In Bokenkotter’s account, then, bishops answered some simple and fundamental needs of Christian congregations, and the office of the bishopric arose organically in the century between 60 and 160. A Christian worship community needed someone to minister the Eucharist, to ordain, and to baptize, and gradually, the person doing so accrued a distinct authority. A Christian worship community needed to network with its neighbors, for the sake of safety, solidarity, community, and love and friendship, and someone needed to be writing letters and checking the mailbox. Though Bokenkotter only briefly alluded to Gnosticism in that quote we heard a moment ago, we know from reading some of the Nag Hammadi library that part of Gnosticism’s ideology was the notion that all individuals could acquire secret knowledge of the divine, and commune with the lucent heavens hidden beyond the demiurge’s material illusion. This idea is intrinsically problematic to congregational Christianity. When everyone has access to the divine, and can pursue the esoteric secrets of the highest reality, a congregation loses some of its cohesion, as individual searches for secret knowledge can begin to trump the ministry of an appointed teacher.

Bishop Irenaeus (Ćirić)

Uroš Predić’s Bishop Irenaeus (1923). Irenaeus of Lyon is one of the lynchpins of Ante-Nicene Catholic theology, perhaps the greatest doctrinal link between the Apostolic generation and the theology of the third century and afterward.

The bishopric, then, emerging onto the historical record during the lives of the early Gnostic thinkers Marcion of Sinope and Valentinus at the outset of the 100s CE, may have been in part an opposition movement to some of the more radical new directions Christianity had begun taking. Once you had your guy at the front of the congregation, and your guy was corresponding with the other guys at the heads of the other congregations, the whole thing was more consistent and interoperable, and your church had more capacity to convert, to share news about new developments, to undertake charity work, and to lock arms during tough times. And also, if your congregation had a guy who was in touch with other guys, in the event that your guy proved to be some kind of a sectarian, or a demagogue, or a swindler, or just a schmuck, your congregation had recourse to swap him out for a new, and better guy. Bishops, ideologically and organizationally, held things together.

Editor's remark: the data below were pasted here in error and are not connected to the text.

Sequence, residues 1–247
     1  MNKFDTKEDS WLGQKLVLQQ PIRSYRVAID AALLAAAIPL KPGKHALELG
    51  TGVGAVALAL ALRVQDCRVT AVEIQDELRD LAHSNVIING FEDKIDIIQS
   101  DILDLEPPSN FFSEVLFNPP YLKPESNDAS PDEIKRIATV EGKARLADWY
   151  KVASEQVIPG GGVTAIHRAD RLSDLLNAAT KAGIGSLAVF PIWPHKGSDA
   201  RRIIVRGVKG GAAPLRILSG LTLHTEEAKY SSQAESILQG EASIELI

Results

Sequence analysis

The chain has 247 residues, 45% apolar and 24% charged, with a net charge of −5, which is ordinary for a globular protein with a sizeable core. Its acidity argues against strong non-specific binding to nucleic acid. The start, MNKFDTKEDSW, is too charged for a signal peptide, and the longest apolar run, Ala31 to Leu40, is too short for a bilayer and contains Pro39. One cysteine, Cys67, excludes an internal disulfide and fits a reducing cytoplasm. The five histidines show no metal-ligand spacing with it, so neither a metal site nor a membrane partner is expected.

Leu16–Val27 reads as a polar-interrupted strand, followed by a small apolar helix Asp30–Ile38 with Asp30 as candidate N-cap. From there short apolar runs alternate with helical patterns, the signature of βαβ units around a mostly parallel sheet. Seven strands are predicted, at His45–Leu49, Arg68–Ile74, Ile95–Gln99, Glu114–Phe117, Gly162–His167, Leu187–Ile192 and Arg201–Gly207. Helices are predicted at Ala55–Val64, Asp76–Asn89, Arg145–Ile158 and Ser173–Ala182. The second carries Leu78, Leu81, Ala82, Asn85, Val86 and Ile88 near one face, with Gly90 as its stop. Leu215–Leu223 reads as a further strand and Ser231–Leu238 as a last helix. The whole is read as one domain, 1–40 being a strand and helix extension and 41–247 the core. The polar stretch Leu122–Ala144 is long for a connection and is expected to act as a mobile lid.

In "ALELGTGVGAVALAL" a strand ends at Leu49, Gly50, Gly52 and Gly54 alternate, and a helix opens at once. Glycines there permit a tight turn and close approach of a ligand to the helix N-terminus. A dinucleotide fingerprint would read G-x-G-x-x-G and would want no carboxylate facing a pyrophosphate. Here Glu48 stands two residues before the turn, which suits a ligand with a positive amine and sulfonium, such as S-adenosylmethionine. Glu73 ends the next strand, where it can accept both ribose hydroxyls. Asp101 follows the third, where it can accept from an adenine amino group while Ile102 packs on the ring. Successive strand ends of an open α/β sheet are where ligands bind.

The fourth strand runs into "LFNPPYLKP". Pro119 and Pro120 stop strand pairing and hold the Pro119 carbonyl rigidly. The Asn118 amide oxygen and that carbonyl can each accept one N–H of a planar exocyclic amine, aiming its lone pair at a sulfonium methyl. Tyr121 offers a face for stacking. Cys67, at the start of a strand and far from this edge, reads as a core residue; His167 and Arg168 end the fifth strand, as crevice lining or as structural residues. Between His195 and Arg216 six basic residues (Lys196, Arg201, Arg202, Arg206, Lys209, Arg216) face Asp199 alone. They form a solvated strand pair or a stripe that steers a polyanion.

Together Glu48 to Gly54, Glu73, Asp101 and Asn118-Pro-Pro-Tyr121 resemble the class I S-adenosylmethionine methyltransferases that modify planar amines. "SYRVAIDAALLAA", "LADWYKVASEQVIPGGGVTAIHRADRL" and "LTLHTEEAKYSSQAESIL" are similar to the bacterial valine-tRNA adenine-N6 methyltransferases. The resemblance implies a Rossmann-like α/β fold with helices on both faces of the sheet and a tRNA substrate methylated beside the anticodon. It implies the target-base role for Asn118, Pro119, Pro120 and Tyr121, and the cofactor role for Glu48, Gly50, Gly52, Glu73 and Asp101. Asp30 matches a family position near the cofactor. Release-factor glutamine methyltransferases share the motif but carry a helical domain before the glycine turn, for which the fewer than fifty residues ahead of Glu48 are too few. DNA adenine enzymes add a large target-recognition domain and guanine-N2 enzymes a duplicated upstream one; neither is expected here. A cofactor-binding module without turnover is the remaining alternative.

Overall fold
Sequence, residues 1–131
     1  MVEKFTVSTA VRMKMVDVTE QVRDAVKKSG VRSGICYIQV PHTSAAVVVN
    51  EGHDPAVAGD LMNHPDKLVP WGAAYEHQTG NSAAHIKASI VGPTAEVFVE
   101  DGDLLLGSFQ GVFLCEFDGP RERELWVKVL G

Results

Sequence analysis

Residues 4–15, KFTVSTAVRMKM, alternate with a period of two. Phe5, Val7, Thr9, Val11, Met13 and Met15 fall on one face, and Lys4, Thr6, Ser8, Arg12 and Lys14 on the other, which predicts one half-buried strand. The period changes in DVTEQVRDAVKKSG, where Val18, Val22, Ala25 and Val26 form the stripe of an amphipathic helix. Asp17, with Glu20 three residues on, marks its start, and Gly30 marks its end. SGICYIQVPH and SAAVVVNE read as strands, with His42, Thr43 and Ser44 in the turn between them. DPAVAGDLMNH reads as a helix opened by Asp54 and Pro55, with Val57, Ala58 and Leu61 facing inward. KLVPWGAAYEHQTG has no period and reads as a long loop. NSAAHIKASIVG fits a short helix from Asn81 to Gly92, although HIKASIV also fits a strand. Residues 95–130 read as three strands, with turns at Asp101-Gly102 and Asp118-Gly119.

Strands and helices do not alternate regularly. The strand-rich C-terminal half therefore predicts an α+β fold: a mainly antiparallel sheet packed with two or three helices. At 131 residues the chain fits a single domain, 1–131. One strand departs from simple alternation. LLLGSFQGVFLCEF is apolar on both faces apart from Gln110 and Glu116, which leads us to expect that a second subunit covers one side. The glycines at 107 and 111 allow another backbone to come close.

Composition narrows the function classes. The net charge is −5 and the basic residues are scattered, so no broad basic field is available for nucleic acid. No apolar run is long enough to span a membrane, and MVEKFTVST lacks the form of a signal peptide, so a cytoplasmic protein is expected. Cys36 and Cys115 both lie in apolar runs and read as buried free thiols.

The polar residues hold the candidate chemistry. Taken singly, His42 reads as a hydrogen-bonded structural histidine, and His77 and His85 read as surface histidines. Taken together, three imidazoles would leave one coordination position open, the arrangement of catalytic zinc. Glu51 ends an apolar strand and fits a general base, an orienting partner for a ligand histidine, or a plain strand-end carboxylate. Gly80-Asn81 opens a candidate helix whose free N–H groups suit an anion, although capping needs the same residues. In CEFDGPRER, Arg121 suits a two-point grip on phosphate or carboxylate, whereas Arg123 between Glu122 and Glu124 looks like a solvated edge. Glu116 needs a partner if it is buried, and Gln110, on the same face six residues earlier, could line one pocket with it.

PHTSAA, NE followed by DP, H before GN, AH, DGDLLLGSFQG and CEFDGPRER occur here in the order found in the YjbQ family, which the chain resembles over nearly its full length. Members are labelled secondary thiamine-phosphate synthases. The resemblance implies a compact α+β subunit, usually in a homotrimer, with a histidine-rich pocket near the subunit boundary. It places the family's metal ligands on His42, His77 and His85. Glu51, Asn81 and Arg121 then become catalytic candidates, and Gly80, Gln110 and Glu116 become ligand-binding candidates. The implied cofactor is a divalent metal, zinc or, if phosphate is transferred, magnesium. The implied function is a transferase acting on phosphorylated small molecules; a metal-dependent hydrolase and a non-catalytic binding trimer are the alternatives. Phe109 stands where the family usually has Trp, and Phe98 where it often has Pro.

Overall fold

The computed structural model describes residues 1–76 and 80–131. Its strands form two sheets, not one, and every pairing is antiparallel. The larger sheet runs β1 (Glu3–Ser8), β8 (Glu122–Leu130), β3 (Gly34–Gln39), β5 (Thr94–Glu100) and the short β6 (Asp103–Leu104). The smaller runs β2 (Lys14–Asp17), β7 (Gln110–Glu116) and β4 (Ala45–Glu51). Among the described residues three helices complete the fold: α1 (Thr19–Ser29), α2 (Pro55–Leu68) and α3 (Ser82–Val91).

In essence, then, because early Catholicism didn’t want to risk forking off infinitely into regional sects, it needed hubs – educated personnel who communicated with one another. Other ancient religious movements we have studied in this podcast together also tended to agglomerate around important officeholders – the Roman Pontifex Maximus, the Oracle at Delphi and hierophant at Eleusis, and the heads of Egyptian cult centers at Memphis and Heliopolis being a few examples. But Christianity, with its unprecedented goal of worldwide ideological hegemony, had to organize and standardize in ways that earlier religions, either restricted to region, or language, or ethnicity, or simply not having global proselytization as a goal, had not. While the Roman historian Tacitus records the 60s CE as no picnic for Christians in the city of Rome, and other records describe Christians having a rough time of it under Domitian two decades later, by and large the somewhat foggy century between 60 and 160 CE falls squarely within the Pax Romana, a period of relative tranquility for the Roman Empire. The early generations of Christians who lived during this century thus had a reasonably peaceful epoch of history and commercially interlinked Empire in which to experiment, and happen upon which models of ecclesiastical organization best suited their needs and their creeds.